In that sense, the East-West Malaysian divide would be more tragic to Malaysia than even the Malay-Muslim/non-Malay-non-Muslim divide that plagues us now.

  9. Antoini says:

    This, I believe, summarizes the options facing Najib and I sincerely hope that he chooses the Tun Musa Hitam option, failing which Najib would join the club of failed PMs and put the nail on the coffin called Malaysia.

    Funny, these past two weeks, I had actually been wondering what Malaysia would have been like if Tun Musa Hitam or for that matter Tengku Razaleigh had become the PM. I am pretty sure it would not have come to this stage. So, you see, what [Mahathir] has done is that he really did Malaysia in beyond [a path of no return]. Just look at the succession line – Muhyiddin, Hishammuddin, Zahid? – all of them look like potentials for making Malaysia into another Zimbabwe.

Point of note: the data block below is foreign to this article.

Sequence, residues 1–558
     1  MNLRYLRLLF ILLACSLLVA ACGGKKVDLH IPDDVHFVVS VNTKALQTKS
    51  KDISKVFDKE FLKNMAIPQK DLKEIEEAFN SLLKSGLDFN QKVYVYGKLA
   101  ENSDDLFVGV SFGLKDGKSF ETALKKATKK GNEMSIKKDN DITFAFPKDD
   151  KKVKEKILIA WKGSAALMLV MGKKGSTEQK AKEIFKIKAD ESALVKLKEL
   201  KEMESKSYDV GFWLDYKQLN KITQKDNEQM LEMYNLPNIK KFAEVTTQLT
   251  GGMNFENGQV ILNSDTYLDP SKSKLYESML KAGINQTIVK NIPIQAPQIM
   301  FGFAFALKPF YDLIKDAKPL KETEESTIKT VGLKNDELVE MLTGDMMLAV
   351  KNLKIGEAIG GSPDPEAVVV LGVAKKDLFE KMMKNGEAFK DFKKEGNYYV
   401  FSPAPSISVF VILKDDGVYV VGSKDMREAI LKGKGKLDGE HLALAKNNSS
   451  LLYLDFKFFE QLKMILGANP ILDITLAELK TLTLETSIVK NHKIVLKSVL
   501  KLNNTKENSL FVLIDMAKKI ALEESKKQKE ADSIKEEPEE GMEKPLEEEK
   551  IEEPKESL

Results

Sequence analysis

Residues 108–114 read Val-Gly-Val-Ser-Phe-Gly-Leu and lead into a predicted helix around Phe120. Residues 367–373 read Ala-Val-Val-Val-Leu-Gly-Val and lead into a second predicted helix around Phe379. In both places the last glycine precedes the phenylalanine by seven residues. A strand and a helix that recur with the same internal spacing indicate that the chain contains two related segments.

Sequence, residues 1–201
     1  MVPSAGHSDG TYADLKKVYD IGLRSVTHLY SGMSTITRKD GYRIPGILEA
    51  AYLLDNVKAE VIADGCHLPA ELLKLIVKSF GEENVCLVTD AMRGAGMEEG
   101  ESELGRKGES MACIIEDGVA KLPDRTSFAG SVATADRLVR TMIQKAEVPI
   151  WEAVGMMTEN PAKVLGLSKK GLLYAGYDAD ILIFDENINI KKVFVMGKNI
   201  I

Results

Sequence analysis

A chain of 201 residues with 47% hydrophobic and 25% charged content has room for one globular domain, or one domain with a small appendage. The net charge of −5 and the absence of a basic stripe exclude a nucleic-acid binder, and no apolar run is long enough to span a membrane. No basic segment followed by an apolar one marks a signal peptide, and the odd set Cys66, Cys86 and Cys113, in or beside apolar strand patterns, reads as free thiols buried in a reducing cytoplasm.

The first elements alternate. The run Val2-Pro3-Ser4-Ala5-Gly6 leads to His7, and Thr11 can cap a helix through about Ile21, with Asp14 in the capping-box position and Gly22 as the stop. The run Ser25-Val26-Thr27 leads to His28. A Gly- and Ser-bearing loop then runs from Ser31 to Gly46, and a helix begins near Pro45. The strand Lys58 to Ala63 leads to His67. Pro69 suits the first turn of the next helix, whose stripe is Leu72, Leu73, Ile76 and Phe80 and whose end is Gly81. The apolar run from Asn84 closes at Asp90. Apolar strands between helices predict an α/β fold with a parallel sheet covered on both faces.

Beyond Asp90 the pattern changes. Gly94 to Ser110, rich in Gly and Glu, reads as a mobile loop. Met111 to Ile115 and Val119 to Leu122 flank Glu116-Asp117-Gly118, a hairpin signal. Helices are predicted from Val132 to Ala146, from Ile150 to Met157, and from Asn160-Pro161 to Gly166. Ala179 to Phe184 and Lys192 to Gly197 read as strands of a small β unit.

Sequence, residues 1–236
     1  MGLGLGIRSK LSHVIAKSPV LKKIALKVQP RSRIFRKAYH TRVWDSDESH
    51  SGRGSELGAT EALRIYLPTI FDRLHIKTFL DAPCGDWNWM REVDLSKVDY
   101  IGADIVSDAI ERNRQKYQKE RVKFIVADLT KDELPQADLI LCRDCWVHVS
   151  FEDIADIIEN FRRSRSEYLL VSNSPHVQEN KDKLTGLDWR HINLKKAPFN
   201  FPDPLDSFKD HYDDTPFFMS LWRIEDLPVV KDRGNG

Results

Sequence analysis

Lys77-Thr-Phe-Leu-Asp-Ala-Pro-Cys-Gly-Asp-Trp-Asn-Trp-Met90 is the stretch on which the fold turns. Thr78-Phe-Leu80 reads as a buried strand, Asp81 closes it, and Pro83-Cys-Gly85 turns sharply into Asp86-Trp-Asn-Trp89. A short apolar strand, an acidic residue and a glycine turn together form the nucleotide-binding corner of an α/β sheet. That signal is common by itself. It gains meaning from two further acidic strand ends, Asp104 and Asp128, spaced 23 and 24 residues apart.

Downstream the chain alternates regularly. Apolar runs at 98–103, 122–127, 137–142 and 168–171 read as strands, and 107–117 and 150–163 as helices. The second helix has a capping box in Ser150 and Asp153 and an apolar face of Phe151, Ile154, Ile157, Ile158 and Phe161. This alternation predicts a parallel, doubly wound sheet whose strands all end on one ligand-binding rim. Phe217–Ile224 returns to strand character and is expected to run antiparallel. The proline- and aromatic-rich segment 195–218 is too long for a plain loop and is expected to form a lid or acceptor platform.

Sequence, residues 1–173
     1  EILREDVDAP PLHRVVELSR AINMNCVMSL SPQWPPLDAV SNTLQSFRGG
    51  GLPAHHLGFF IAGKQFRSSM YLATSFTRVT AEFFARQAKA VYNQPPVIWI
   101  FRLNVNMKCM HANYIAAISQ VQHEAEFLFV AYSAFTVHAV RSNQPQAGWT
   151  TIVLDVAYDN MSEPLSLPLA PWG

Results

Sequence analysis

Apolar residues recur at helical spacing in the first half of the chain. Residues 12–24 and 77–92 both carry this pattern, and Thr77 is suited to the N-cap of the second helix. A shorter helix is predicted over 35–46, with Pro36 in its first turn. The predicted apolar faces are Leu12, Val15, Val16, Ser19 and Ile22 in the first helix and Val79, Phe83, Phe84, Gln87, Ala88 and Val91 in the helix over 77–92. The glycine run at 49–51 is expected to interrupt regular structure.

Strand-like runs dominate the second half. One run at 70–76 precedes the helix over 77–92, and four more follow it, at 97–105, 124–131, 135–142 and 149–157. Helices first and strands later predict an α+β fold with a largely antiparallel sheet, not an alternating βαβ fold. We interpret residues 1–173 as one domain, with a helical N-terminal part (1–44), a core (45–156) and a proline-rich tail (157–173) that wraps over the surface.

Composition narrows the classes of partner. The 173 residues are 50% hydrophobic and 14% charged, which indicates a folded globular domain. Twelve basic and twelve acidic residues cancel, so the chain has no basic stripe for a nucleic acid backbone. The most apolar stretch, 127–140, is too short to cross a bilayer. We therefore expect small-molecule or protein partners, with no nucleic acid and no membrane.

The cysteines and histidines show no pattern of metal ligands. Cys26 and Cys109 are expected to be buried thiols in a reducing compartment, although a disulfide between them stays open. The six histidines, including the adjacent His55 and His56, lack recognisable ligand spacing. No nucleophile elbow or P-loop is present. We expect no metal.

10. M.K. says:

    Everything seems to point towards the 1995 prophesy made by a Chinese soothsayer: Najib will surely become the PM someday but will also be the shortest serving PM who may not be able to complete his first term in office! Let us wait and see.

  11. zik says:

    Hello Wong, what about the people’s options? Any article on that?

  12. Simon says:

    Dear Mr Wong,

    You are just wasting your valuable time about Malaysia. The world population is seven billion. The Muslim population is 1.2 billion.

    Ketuanan Melayu is 15m; nothing but just a speck of dust.


    So use your time and write something useful for society.

  13. pucker up says:

    Najib will not listen to you […].

  14. ric says:

    True, Utusan, TV3 and Bernama are all the culprits who condone the Malay extremist mindset and hate.

  15. shan says: